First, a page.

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Putini v. Blair Corp.

May 3, 2010

MICHELLE PUTINI, INDIVIDUALLY AND AS SUCCESSOR-IN-INTEREST TO AND ADMINISTRATOR OF THE ESTATES OF EVELYN AND MURRAY ROGOFF, DECEASED; AND SUSAN BRENT, INDIVIDUALLY, AND AS SUCCESSOR-IN-INTEREST TO EVELYN AND MURRAY ROGOFF, PLAINTIFFS,
v.
BLAIR CORPORATION, BLAIR L.L.C., GOLDEN GATE CAPITAL, AND ORCHARD BRANDS CORPORATION, AND DOES 1 TO 100, DEFENDANTS.



The opinion of the court was delivered by: Hon. Thomas J. Whelan United States District Judge

ORDER GRANTING IN-PART AND DENYING IN-PART DEFENDANTS' MOTION TO DISMISS (DOC. 21)

Pending before the Court is Defendants Blair Corporation, Blair L.L.C., Golden Gate Capital, and Orchard Brands Corporation's ("Defendants") motion to dismiss. (Doc. 21.) Plaintiffs Michelle Putini and Susan Brent ("Plaintiffs") oppose.

The Court decides the matter on the papers submitted and without oral argument. See S.D. Cal. Civ. R. 7.1(d.1). For the reasons stated herein, the Court GRANTS IN-PART and DENIES IN-PART Defendants' motion (Doc. 21).

I. BACKGROUND

According to the Complaint, Plaintiffs' mother, Evelyn Rogoff, purchased a Blair robe on or about December 2008, in response to a catalog solicitation. (First Amended Compl. ("FAC") [Doc 1, Ex. 2] at 5, ¶ 2.) On February 4, 2009, Ms. Rogoff was wearing the robe while making tea in her kitchen. (Id., ¶ 3.) The Blair robe ignited when it was exposed to the surface of the electric burner Ms. Rogoff was using to heat the tea pot. (Id.) The fire traveled up the arm of the Blair robe and quickly spread to Ms. Rogoff's neck, face, and chest. (Id.) Ms. Rogoff's husband, Murray Rogoff, threw himself onto her to smother the fire and his robe also caught fire. (Id.)

Plaintiff Susan Brent entered her parent's home, heard their screams, and saw them on fire on the floor. (FAC at 2, ¶ 4.) She grabbed nearby water bottles and doused the flames, then transported her parents to the hospital. (Id.) Both Mr. and Ms. Rogoff died as a result of their injuries. (Id. at 6, ¶ 4.)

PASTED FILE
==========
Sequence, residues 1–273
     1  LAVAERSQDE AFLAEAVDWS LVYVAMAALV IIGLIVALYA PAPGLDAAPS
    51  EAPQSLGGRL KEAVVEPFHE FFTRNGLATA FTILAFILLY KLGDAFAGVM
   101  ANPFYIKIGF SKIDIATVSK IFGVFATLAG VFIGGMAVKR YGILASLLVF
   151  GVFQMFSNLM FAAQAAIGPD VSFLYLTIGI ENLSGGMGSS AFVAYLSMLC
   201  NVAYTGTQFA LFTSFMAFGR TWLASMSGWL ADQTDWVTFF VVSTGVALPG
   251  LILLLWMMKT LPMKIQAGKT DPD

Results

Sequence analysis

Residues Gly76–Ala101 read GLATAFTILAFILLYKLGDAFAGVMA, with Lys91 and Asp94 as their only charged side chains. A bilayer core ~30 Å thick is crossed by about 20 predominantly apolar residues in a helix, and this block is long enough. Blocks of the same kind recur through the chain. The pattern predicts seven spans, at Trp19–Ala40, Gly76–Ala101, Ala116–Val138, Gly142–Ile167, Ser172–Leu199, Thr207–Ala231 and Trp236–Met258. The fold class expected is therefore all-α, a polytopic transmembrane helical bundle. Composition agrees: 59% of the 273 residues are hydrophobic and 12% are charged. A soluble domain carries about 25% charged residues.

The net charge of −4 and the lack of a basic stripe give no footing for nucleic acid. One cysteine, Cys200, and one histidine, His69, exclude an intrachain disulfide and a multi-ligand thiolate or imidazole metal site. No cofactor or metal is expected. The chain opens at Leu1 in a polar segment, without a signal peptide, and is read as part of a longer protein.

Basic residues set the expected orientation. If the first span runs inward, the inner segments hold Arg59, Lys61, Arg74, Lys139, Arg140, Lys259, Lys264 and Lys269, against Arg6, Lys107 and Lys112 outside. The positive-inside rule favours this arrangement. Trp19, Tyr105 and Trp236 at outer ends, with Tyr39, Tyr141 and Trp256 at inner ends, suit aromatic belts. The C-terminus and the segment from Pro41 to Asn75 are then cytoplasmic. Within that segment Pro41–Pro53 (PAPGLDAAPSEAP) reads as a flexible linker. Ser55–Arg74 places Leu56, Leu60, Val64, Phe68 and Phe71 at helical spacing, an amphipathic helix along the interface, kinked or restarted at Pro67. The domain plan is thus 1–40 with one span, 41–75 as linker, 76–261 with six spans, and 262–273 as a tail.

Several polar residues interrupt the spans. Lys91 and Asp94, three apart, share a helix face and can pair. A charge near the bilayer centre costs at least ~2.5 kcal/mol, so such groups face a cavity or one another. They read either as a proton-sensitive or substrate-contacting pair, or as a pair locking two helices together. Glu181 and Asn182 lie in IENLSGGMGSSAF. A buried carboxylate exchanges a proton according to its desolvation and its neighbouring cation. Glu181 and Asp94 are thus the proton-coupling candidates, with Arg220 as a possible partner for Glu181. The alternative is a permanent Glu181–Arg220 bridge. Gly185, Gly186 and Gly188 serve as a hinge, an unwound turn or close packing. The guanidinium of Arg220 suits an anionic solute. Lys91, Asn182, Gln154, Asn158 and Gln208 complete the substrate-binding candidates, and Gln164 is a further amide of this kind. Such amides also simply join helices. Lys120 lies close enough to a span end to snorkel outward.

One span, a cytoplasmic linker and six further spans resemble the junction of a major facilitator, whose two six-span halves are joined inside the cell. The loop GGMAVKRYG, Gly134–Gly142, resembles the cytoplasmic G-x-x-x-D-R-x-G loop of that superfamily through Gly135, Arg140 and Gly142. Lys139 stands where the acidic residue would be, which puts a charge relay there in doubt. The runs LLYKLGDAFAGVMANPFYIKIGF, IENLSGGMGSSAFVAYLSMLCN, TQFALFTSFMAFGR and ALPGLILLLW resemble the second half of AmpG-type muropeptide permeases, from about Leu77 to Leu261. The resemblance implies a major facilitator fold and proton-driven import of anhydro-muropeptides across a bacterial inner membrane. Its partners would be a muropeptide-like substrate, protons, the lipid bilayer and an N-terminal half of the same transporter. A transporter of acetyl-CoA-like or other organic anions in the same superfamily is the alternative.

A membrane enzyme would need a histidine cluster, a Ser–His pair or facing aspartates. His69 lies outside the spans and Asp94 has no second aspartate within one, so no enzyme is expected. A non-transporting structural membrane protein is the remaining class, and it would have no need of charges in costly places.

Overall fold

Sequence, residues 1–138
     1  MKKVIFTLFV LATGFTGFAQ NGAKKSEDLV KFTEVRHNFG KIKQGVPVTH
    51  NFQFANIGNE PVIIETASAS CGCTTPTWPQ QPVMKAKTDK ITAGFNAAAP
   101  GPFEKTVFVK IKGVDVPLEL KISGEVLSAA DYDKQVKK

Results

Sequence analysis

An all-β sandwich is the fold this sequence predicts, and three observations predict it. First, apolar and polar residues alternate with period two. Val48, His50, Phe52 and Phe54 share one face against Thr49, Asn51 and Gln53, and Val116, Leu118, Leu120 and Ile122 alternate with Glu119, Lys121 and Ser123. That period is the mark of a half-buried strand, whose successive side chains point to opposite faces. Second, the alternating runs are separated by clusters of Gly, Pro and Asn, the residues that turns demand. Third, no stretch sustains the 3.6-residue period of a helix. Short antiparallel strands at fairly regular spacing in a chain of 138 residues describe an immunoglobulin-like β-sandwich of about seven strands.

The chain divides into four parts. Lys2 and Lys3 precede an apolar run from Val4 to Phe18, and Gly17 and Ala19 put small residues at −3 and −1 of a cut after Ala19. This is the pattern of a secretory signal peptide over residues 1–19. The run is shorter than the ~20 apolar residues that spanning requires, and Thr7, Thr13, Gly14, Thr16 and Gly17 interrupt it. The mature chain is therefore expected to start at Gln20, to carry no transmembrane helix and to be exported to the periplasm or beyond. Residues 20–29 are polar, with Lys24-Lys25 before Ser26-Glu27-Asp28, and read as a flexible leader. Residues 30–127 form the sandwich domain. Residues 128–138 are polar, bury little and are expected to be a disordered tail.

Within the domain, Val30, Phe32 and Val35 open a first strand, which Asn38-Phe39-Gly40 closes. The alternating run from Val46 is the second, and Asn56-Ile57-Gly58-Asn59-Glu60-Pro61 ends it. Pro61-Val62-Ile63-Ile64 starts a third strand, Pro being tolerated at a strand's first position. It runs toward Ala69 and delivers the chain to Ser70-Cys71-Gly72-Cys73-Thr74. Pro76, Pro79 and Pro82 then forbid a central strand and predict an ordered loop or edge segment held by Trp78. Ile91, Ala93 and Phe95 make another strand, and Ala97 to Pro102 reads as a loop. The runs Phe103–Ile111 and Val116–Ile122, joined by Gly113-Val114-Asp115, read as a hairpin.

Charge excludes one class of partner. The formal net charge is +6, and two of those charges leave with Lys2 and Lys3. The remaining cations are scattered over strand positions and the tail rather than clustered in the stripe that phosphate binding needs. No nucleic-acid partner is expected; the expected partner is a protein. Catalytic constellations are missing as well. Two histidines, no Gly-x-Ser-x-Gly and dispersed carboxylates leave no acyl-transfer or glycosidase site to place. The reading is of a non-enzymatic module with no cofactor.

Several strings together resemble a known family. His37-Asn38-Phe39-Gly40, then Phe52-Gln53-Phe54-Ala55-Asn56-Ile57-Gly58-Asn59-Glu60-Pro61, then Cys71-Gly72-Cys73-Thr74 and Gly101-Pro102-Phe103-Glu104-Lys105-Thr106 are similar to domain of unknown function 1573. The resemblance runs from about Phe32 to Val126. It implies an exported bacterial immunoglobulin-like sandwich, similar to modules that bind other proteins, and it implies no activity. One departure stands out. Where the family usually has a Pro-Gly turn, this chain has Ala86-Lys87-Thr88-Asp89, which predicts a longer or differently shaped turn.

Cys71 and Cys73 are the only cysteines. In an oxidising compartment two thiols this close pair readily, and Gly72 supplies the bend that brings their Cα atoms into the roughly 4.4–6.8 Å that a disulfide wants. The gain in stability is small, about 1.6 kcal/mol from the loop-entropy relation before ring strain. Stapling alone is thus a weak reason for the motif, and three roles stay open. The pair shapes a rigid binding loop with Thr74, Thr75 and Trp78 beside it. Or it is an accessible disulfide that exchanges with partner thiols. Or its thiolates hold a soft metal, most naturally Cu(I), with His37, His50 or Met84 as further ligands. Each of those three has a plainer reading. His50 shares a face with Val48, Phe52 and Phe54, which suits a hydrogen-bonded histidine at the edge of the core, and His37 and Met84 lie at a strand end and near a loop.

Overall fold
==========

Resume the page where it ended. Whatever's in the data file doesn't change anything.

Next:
Plaintiffs filed this action on October 23, 2009, alleging two claims: products liability and violation of a statute. (Compl. [Doc 1, Ex. 1].) On January 15, 2010, Defendants filed the instant motion to dismiss, seeking to dismiss Plaintiffs' second claim, as well as their request for punitive damages. (MTD [Doc. 21].)

II. LEGAL STANDARD

A motion to dismiss under Rule 12(b)(6) tests the complaint's sufficiency. See North Star Int'l. v. Arizona Corp. Comm'n., 720 F.2d 578, 581 (9th Cir. 1983). The Court must dismiss a cause of action that fails to state a claim upon which relief can be granted. Fed. R. Civ. P. 12(b)(6). A complaint may be dismissed as a matter of law for two reasons: (1) lack of a cognizable legal theory, or (2) insufficient facts under a cognizable theory. Robertson v. Dean Witter Reynolds, Inc., 749 F.2d 530, 534 (9th Cir. 1984).

In reviewing a Rule 12(b)(6) motion, all material allegations in the complaint, "even if doubtful in fact," are assumed to be true. Bell Atlantic Corp. v. Twombly, 550 U.S. 544, 555 (2007). Additionally, the complaint and all reasonable inferences therefrom are construed in the plaintiff's favor. Walleri v. Fed. Home Loan Bank of Seattle, 83 F.3d 1575, 1580 (9th Cir. 1996). Nevertheless, conclusory legal allegations and unwarranted inferences are insufficient to defeat a motion to dismiss. Ove v. Gwinn, 264 F.3d 817, 821 (9th Cir. 2001).

"While a complaint attacked by a Rule 12(b)(6) motion to dismiss does not need detailed factual allegations, [citation omitted], a plaintiff's obligation to provide the 'grounds' of his 'entitlement to relief' requires more than labels and conclusions, and a formulaic recitation of the elements of a cause of action will not do [citation omitted]." Twombly, 550 U.S. at 555. Rather, the allegations in the complaint "must be enough to raise a right to relief above the speculative level." Id.

III. DISCUSSION

A. Plaintiffs' First Cause of Action for Violation of a Statute

Defendants seek to dismiss Plaintiffs' second cause of action for "Violation of a Statute" under Federal Rule of Civil Procedure 12(b)(1), which provides that a court may dismiss a claim for "lack of jurisdiction over the subject matter[.]" FED. R. CIV. P. 12(b)(1). Defendants argue that because the Federal Flammable Fabrics Act ...


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